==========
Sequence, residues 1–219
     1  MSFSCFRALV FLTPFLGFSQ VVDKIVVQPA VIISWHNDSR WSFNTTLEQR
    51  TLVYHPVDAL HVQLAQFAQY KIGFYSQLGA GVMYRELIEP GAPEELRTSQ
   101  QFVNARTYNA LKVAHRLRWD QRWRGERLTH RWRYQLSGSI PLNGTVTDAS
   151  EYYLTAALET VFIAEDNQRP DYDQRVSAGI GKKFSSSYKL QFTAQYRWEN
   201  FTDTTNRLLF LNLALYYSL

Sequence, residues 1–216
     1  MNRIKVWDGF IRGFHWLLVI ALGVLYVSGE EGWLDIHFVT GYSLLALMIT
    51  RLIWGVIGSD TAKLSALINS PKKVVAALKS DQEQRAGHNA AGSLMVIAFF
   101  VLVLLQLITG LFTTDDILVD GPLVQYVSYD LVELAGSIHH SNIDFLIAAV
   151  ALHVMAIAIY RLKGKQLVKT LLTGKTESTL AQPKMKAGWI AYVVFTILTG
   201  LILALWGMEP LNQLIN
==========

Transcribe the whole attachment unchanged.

Sequence, residues 1–219
     1  MSFSCFRALV FLTPFLGFSQ VVDKIVVQPA VIISWHNDSR WSFNTTLEQR
    51  TLVYHPVDAL HVQLAQFAQY KIGFYSQLGA GVMYRELIEP GAPEELRTSQ
   101  QFVNARTYNA LKVAHRLRWD QRWRGERLTH RWRYQLSGSI PLNGTVTDAS
   151  EYYLTAALET VFIAEDNQRP DYDQRVSAGI GKKFSSSYKL QFTAQYRWEN
   201  FTDTTNRLLF LNLALYYSL

Sequence, residues 1–216
     1  MNRIKVWDGF IRGFHWLLVI ALGVLYVSGE EGWLDIHFVT GYSLLALMIT
    51  RLIWGVIGSD TAKLSALINS PKKVVAALKS DQEQRAGHNA AGSLMVIAFF
   101  VLVLLQLITG LFTTDDILVD GPLVQYVSYD LVELAGSIHH SNIDFLIAAV
   151  ALHVMAIAIY RLKGKQLVKT LLTGKTESTL AQPKMKAGWI AYVVFTILTG
   201  LILALWGMEP LNQLIN